Charity: Women, kids used as sex slaves
A New Zealand-based charity is helping free dozens of women and children from sex trafficking in South East Asia.
Former detective Daniel Walker is now chief executive director of Nvader, which last year rescued 40 women and children and helped prosecute 14 sex traffickers.
Former Hamilton man Justin Boswell is helping Walker train others to stop the exploitation.
"We have just partnered with Tear Fund who are helping with fundraising," Boswell, business director at Nvader, said.
He studied business at Waikato University and worked in management roles at RD1 and NDA Engineering.
"It's allowing us to focus on what we do."
Tear Fund will help raise support for Nvader in New Zealand and donations will be tax-deductible, allowing donors to get 33 per cent of their yearly contribution back.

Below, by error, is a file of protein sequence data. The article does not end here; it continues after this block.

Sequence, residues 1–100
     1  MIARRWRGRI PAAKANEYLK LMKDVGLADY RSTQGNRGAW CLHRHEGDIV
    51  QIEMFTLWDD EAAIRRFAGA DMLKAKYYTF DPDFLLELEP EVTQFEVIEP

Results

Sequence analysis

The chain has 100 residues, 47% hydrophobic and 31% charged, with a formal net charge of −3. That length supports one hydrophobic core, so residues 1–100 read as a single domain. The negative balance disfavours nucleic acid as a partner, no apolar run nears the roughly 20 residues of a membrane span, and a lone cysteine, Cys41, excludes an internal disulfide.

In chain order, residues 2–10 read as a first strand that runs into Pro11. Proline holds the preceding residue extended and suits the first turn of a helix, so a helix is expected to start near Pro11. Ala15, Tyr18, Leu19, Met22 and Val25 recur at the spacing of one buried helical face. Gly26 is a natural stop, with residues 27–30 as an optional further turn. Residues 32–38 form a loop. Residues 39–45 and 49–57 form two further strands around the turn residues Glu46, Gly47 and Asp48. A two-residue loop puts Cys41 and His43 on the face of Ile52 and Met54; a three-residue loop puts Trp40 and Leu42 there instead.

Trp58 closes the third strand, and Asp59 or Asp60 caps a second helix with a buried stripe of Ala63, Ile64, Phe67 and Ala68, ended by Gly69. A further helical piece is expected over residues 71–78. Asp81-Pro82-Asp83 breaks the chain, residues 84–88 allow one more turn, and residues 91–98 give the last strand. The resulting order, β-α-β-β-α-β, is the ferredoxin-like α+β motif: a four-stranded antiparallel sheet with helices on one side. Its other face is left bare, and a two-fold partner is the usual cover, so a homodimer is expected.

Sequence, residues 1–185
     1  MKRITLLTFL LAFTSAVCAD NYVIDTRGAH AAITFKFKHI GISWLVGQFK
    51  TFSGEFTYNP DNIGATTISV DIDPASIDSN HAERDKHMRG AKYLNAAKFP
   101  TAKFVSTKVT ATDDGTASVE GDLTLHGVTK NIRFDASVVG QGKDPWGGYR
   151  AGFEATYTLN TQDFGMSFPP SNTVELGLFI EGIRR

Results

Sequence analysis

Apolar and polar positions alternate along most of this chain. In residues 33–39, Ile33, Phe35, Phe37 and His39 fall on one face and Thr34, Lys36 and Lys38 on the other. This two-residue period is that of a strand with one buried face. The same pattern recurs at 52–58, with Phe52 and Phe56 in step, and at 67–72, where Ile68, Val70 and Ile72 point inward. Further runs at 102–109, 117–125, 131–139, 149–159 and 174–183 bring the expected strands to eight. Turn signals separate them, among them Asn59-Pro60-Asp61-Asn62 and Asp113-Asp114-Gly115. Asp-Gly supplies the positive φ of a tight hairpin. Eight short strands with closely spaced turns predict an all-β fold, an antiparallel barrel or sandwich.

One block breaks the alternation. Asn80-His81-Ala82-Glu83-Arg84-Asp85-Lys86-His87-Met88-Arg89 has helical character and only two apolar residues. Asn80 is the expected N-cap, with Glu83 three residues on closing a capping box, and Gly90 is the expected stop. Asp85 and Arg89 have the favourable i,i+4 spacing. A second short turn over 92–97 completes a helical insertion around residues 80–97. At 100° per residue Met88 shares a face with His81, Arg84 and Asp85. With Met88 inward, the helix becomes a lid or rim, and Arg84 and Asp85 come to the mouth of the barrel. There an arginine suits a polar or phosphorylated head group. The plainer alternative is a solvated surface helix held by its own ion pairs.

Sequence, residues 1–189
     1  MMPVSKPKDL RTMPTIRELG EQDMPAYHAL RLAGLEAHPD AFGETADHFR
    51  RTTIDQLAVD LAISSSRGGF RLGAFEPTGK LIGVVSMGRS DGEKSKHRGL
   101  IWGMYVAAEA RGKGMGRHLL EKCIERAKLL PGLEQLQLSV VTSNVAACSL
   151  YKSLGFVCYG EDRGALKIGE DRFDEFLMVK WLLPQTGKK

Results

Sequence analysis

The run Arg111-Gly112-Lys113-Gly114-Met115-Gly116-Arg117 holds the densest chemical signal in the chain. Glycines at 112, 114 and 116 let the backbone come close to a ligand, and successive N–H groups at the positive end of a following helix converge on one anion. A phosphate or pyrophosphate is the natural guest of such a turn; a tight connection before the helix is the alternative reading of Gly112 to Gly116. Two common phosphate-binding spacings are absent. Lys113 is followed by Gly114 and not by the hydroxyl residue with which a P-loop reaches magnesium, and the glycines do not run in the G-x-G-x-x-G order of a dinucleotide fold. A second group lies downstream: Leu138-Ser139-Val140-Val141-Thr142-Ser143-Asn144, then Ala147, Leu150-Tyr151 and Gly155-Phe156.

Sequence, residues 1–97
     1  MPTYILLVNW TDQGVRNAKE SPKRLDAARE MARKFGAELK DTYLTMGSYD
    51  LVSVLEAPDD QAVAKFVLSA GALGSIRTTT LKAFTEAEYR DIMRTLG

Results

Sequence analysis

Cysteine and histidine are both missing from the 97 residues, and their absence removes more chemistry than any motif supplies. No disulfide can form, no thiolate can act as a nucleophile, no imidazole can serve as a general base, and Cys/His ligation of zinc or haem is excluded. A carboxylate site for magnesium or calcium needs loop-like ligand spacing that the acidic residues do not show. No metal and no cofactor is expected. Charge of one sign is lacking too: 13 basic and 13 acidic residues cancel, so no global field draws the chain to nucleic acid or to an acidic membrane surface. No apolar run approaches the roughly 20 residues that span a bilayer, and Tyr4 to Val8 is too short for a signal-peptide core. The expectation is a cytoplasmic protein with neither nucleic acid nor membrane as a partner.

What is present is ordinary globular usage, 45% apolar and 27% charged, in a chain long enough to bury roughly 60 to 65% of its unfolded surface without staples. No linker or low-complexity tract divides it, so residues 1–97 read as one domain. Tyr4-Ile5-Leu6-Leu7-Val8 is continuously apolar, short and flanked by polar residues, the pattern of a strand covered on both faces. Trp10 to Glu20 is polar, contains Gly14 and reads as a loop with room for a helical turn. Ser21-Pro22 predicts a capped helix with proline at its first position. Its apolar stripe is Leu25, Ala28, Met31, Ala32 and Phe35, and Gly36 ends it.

"This year we have already rescued 22 women and children, children as young as five and six have been rescued."
Walker said there were more people. He estimated 27 million, with two million in the sex trade.
"Tear Fund were looking at moving into the anti-slavery area and it seemed like a no brainer for us to work with them.
"It's estimated organised crime makes US$32 billion from human trafficking."
Nvader has five full-time operatives working in South East Asia, supported by volunteers there and in New Zealand.
"We have got big goals, and we really want to make a big impact on this industry," Walker said.
"We want to cut it by 10 per cent in 10 years. It's more prevalent in developing countries. We go in behind the scenes where women and children are being raped for profit."
Walker hopes partnering with Tear Fund will raise about $2 million.
"Once we have got $2 million any extra funding will go to overseas offices. Over the next 10 years there will be offices opening in a number of different countries. We aim to rescue 200,000 women and children in the next 10 years.